New detection technique used in analysis of vaccines
An analysis of vaccines undertaken by researchers from five institutions has found that seven of the vaccines’ DNA content was pretty much as expected, but surprisingly, one also contained DNA of an apparently benign pig virus.
This finding is reported in a paper written by lead author Eric Delwart of the San Francisco-based Blood Systems Research Institute and six co-authors, including three researchers from Lawrence Livermore National Laboratory (LLNL). The paper is published Wednesday in the online Journal of Virology.
Even before its publication, the research produced a major stir as Delwart contacted GlaxoSmithKline to alert the firm that its Rotarix vaccine, used to prevent diarrhea in babies, contained the pig virus, porcine circovirus-1 (PCV-1).
On March 22, Food & Drug Administration (FDA) officials urged pediatricians in the United States to temporarily suspend the use of Rotarix and to continue to use a similar rotavirus vaccine, RotaTeq from Merck, until further tests are completed. They added that Rotarix has been used in millions of children around the world, including one million in the United States, with no signs of safety problems, and that PCV1 is not known to cause any kind of illness in people or animals.
The European Union has opted for continued Rotarix distribution, while Glaxo removed PCV1 from their vaccine production line. The World Health Organization also recommended continued Rotarix distribution in regions with high levels of rotavirus infections in children.
“The intent in our research was to use the latest technologies to show that live vaccines only contained the expected viral genomes and no other,” Delwart said. “Indeed, seven of the eight vaccines were clean. We were quite surprised to find PCV-1 DNA in Rotarix.”
Delwart discovered PCV1 in Rotarix in January using a deep DNA sequencing technology and then contacted LLNL researchers to check his results.
The three Livermore researchers - biologist Crystal Jaing, population biologist Shea Gardner and computer scientist Kevin McLoughlin - used a new LLNL detection technology, the Microbial Detection Array (MDA).
With 388,000 probes that fit on a one-inch wide, three-inch long glass slide, the MDA can detect or identify within a 24-hour period any of the approximately 60,000 viruses or 2,500 bacteria worldwide that have been sequenced.
“We have been collaborating with Eric for more than a year,” Jaing said. “He sees value in our microarray technology as a way to provide additional confirmation to his sequencing technology.”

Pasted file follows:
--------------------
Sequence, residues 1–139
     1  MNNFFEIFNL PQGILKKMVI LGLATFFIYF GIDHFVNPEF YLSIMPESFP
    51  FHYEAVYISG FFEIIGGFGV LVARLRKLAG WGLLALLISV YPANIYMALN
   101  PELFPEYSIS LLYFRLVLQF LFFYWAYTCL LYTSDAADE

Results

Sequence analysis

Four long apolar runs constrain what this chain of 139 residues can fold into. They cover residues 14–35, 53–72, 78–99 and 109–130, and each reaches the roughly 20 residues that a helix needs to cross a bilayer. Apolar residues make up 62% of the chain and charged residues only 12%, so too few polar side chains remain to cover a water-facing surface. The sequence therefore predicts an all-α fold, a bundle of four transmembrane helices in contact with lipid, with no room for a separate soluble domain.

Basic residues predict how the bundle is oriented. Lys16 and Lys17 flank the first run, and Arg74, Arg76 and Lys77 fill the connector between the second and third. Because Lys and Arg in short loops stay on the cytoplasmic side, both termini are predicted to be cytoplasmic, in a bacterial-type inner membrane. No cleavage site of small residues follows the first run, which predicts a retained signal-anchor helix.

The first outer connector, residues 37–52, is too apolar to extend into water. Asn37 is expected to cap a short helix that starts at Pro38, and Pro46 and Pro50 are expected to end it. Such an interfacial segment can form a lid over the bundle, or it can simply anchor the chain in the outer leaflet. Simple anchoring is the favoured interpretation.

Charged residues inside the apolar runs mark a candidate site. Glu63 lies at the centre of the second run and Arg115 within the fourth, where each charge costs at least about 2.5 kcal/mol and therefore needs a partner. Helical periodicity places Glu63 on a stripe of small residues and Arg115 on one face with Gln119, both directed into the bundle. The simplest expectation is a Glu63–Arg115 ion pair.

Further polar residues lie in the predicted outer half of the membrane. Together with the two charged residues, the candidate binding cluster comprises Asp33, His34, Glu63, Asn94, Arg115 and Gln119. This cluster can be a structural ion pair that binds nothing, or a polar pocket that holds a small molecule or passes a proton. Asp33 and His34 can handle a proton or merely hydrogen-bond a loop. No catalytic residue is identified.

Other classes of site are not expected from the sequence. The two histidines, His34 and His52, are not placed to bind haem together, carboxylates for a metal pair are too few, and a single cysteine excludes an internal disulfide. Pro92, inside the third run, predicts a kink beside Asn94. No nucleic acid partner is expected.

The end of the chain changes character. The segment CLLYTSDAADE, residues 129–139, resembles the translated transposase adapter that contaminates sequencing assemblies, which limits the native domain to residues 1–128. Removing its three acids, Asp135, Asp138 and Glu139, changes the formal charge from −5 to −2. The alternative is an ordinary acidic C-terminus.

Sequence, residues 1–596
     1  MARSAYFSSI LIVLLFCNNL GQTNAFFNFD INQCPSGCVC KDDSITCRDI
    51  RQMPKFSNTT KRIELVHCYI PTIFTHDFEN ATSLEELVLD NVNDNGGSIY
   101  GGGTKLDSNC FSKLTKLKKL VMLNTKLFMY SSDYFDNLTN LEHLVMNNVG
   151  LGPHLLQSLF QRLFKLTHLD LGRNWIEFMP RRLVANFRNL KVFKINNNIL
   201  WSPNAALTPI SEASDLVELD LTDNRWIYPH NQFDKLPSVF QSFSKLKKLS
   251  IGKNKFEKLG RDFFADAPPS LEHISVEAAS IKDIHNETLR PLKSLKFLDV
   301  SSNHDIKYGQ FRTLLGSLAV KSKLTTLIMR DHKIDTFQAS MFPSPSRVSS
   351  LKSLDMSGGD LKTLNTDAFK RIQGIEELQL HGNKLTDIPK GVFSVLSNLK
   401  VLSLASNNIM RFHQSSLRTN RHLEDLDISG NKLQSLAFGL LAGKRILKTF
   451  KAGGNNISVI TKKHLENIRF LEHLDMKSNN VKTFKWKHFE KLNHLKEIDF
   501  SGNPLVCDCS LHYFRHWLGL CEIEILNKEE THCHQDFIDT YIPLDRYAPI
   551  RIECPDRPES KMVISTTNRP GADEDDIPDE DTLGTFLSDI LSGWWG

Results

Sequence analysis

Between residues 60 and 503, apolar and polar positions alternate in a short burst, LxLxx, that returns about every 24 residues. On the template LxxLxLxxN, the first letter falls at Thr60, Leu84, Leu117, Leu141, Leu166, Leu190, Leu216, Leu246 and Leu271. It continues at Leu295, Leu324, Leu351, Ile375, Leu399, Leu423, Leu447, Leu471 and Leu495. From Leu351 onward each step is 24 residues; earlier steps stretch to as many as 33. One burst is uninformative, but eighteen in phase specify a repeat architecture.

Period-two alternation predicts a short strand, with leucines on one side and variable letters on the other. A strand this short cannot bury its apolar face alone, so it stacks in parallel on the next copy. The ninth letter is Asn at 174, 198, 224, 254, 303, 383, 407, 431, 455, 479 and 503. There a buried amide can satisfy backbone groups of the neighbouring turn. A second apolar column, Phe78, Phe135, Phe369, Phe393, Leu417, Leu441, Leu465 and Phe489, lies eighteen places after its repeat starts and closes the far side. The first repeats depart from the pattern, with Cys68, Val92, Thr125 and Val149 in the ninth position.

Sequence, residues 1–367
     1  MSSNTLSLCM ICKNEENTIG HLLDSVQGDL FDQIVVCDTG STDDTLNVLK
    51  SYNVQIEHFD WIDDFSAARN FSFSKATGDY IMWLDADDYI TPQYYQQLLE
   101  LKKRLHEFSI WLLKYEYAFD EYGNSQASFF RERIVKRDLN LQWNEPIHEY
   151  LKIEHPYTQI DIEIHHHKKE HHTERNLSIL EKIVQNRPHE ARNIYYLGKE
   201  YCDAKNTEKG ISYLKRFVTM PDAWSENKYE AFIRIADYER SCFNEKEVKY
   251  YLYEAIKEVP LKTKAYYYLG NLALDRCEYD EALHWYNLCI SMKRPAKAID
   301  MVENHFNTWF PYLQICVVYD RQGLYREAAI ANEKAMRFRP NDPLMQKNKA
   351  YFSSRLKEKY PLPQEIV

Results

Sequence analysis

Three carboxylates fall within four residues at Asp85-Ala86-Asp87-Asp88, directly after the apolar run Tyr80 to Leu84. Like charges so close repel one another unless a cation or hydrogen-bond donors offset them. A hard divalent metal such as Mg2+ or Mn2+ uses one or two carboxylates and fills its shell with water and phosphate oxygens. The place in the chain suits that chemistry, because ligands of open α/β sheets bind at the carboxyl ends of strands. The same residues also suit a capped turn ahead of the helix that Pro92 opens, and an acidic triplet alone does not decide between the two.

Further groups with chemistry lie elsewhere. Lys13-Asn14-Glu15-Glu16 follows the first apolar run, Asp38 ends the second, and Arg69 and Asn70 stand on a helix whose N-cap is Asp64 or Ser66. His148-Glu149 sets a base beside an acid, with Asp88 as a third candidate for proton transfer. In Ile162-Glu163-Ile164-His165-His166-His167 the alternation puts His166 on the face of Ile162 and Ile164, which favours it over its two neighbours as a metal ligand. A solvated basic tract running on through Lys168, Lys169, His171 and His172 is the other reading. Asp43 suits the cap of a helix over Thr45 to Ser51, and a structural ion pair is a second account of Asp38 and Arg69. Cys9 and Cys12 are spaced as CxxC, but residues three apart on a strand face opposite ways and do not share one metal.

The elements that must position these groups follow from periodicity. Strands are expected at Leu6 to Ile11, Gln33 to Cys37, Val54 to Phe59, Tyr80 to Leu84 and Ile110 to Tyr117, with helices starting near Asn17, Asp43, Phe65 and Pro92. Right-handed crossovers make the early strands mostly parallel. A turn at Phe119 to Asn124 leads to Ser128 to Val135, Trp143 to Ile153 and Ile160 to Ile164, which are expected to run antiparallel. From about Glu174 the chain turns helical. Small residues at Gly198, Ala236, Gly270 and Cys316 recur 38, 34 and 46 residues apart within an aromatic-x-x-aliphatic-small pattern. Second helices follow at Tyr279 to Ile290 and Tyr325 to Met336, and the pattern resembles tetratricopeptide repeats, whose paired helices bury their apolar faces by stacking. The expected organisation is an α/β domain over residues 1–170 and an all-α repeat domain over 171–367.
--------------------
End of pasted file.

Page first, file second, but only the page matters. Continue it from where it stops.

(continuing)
The Livermore microarray confirmed the presence of PCV-1 DNA in the vaccine. The MDA has 40 designed probes to detect the PCV-1 strain of the pig virus; 39 of them showed positive for the virus, “almost a guarantee that the virus was present,” according to Jaing.
“One result of this research is that it demonstrates how modern technologies could change and drastically improve product safety,” said Tom Slezak, LLNL’s scientific leader for Bioinformatics.
As an example, Slezak noted that while current product safety rules require demonstrating that a list of known contaminants is not present, the use of modern advances in DNA sequencing and arrays would allow manufacturers to know every biological material that is present in quantities large enough to be of potential concern.
In their paper, the team wrote that while the polymerase chain reaction (PCR) technique is more sensitive than either metagenomic sequencing (where only a small sample is obtained of the total background DNA content of a complex mixture) or microarrays (such as the MDA) when screening for specific viruses, the sheer number of potential contaminating viruses limits the use of PCR to a small number of most commonly suspected viruses.
No one expected to see PCV-1 in a vaccine, so it was not on the list to be tested.
“The use of viral metagenomics and microarrays tests therefore seems warranted for the surveillance of products that are derived from cell cultures, plasma pools, or other biological sources and which may contain and transmit adventitious viruses,” the authors wrote.
Besides the Blood Systems Research Institute and LLNL, other institutions that collaborated on the Journal of Virology article include the Stanford Genome Technology Center, the David Grant U.S. Air Force Medical Center in Travis, Calif. and UC San Francisco’s Department of Laboratory Medicine.
In their research, Delwart’s team analyzed eight live attenuated viral vaccines - oral poliovirus, rubella, measles, yellow fever, varicella-zoster, measles/mumps/rubella and two rotavirus vaccines, one produced by Glaxo and the other by Merck.
Rotavirus can cause severe diarrhea and kills many children in developing nations. Before rotavirus vaccinations started in the United States, about 55,000 children per year were hospitalized for rotavirus infections and several dozen died each year. Merck introduced its vaccine in 2006 and Glaxo’s came out in 2008.
In their paper, the authors wrote that despite an extensive record of safety and efficacy, common misconceptions have continued about vaccine safety, leading to reduced childhood vaccinations and a resurgence of vaccine-preventable infections.
“Given that live attenuated viral vaccines are safe, effective and relatively inexpensive, their use against human and animal pathogens should be encouraged,” the authors said.
Application of new DNA technologies will reassure the public that viral contaminants can be readily detected and removed from vaccines, Delwart said. Provided by Lawrence Livermore National Laboratory